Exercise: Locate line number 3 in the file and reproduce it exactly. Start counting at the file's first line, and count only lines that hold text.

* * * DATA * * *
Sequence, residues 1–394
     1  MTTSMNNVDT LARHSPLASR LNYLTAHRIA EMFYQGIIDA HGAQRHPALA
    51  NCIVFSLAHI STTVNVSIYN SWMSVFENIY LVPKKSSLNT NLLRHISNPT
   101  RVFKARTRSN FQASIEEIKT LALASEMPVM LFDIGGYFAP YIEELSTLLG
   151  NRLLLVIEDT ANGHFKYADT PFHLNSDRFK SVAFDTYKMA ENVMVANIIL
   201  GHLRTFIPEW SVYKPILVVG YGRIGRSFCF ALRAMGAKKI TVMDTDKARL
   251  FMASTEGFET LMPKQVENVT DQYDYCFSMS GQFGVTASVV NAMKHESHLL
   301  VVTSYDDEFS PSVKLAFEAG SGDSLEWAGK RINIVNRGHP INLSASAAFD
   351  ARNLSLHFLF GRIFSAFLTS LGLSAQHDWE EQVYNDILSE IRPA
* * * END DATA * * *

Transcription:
    51  NCIVFSLAHI STTVNVSIYN SWMSVFENIY LVPKKSSLNT NLLRHISNPT